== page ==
Wednesday, February 01, 2023

Hundreds turned out on the streets of Lismore to voice their concerns over plans to use the town’s hotel as a direct provision centre.


WATERFORD’S five Oireachtas members have conceded that a lack of communication on plans to turn the Lismore House Hotel into a direct provision centre is unacceptable.

Hundreds of people turned out on the streets of Lismore on Sunday to voice their concerns over plans to use the town’s hotel as a direct provision centre.

Lismore House Hotel, which was built in 1797, has been closed since 2016. It was purchased by a Cork-based company, MCHT, two years ago, but intentions to reopen the premises as a hotel were recently withdrawn.

It’s understood that 60 people will initially be accommodated at the hotel, with that number set to rise up to 117. These are expected to include women and children, and some fathers. Locals have expressed their anger that there was no consultation with them on the issue, and believe the loss of the town’s hotel will prove a significant blow.


‘There should be no them and us. The vast majority of those who come here have enriched our country’ – David Cullinane, TD


Speaking on a Déise Today special on WLR, Waterford’s four TDs and Senator John Cummins debated a number of issues, including the ongoing unrest in Lismore. Fianna Fáil TD and Minister of State for Mental Health and Older People, Mary Butler, says the government cannot let children go without shelter while hotels are lying vacant.

“We have an obligation to provide protection to those seeking international protection,” said Deputy Butler.

“I found out online, I hadn’t heard. I was surprised that I wasn’t informed by the Department, being straight and honest. Three weeks previous, a group seeking protection had been accommodated in Waterford City and the Minister came to my office to tell me in person. Consultation is extremely important, however I do recognise that the numbers of people coming in at the moment are unprecedented. It’s very hard on the community but I’m not going to sit on the fence. Can you leave children and families without a roof over their head while you have hotels lying empty? No.”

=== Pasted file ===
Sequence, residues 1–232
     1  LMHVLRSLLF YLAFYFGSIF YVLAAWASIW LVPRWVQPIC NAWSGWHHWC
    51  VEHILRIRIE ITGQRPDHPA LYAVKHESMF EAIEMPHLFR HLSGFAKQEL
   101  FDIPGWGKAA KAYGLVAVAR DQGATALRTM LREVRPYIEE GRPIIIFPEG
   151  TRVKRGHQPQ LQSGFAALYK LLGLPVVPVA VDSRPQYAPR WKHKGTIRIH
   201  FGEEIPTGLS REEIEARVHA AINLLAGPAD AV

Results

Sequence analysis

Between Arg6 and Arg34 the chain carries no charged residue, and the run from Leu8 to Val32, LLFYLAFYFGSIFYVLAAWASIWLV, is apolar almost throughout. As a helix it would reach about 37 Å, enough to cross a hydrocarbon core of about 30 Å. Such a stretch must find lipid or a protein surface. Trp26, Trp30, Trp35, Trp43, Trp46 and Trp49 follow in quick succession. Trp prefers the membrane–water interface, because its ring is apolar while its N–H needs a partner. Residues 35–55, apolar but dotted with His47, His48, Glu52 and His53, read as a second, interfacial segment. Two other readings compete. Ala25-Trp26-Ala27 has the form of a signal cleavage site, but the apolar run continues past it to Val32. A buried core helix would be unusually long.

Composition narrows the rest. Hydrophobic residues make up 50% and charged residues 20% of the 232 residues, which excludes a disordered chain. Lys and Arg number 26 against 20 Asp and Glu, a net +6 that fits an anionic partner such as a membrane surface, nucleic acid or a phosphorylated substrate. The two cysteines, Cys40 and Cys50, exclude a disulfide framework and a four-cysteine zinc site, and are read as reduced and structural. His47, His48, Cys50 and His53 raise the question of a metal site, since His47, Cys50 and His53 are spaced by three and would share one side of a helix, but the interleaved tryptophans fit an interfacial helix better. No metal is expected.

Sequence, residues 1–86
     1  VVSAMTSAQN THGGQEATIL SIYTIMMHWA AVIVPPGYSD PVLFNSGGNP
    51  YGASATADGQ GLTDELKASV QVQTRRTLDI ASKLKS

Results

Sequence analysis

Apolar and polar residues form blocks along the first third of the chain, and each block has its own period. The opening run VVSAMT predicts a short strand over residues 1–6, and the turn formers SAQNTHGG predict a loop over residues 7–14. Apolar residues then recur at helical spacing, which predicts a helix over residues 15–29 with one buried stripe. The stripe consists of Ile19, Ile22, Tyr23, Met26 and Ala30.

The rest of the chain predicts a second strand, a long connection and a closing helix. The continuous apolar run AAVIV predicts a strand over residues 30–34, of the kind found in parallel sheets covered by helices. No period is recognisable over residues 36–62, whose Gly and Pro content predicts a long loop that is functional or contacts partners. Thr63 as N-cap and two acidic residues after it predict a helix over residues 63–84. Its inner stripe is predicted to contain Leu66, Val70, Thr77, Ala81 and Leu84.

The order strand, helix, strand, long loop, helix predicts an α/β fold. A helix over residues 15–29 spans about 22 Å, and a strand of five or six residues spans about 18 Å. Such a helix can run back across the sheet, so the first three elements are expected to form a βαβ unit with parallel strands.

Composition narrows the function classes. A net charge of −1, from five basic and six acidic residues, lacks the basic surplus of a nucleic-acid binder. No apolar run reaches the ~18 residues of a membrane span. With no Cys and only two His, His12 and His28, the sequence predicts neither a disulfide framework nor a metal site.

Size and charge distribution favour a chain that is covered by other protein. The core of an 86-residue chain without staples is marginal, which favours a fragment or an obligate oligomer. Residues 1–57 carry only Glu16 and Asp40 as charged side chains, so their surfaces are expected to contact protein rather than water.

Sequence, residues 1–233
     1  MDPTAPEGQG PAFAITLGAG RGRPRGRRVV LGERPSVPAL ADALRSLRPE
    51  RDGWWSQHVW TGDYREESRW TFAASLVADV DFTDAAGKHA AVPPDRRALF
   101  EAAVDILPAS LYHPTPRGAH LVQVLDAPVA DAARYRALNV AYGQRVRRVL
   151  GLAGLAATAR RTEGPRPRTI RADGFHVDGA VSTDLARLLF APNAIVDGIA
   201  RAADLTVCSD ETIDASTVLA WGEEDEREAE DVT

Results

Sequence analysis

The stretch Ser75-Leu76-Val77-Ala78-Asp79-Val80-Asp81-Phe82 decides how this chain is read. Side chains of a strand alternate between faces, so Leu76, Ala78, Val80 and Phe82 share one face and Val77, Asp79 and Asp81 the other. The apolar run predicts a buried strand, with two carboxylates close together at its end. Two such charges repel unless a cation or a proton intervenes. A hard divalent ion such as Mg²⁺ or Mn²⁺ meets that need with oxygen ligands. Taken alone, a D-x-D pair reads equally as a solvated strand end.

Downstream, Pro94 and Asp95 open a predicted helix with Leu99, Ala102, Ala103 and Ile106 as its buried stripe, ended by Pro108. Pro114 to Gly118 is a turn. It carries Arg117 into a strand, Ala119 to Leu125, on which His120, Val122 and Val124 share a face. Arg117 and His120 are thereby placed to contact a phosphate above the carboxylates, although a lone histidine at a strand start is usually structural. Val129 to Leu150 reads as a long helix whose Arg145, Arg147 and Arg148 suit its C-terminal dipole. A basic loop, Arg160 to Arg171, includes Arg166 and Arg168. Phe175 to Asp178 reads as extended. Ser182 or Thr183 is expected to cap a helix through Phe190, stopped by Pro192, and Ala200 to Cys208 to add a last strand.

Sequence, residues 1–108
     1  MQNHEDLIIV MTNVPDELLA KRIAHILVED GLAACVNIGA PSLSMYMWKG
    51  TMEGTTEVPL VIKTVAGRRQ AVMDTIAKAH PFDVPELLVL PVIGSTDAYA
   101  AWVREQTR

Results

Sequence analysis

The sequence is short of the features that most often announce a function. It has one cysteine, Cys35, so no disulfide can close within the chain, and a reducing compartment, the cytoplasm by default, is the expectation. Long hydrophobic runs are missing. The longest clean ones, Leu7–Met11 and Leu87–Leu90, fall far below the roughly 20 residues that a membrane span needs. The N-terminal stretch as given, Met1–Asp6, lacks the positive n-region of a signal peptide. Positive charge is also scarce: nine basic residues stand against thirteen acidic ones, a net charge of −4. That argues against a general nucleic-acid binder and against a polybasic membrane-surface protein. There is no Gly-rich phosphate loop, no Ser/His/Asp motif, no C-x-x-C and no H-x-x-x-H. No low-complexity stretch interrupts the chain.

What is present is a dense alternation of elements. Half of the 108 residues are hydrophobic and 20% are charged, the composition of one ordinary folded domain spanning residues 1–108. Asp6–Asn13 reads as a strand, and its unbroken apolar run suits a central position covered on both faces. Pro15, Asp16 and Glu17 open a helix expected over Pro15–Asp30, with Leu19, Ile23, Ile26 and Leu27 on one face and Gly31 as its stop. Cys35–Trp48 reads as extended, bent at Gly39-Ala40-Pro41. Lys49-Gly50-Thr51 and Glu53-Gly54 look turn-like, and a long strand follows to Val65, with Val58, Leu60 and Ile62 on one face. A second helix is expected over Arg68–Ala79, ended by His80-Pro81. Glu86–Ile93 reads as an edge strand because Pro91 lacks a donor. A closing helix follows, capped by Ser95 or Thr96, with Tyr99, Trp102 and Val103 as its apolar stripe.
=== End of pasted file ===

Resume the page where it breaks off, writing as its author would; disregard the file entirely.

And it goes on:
Jane Germyn, a member of Lismore for All, a group welcoming asylum seekers and international protection applicants to Lismore in Waterford. Video: Dan Linehan/Irish Examiner


Deputy Butler also highlighted that the move was a commercial decision agreed upon by the owners of the hotel, and stated her belief that those arriving in the direct provision centre will be able to safely integrate within the local community.

“This was a commercial decision taken by the person who owns the hotel. They chose to do that. The last time it was open was in 2016, it has been a huge loss to the community. There is massive disappointment but the people of Lismore have opened their arms to the Ukrainian people, and I know they will open their arms again to these people who need asylum.”

Fine Gael Senator John Cummins acknowledged that while the government has a moral obligation to help those fleeing war, the loss of the hotel will have a significant impact upon Lismore.

“People who are arriving on our shores are in desperate need of our help. We have a large group of vulnerable people who are coming to Lismore. We’ve accommodated people in Tramore for some 20 years. Minister O’Gorman has moved heaven and earth in the last 12 months. We have tried to accommodate 80,000 additional people coming to our shores for a range of reasons while in the grips of a housing crisis. This is not how we want to be housing people, but needs must. This is an emergency response.”

Meanwhile, Waterford Council have confirmed that they were also unaware of the plans to convert the hotel into a direct provision centre until they were briefed some days ago. In a statement to councillors, CEO Michael Walsh said the local authority learnt “the same way as anyone else”.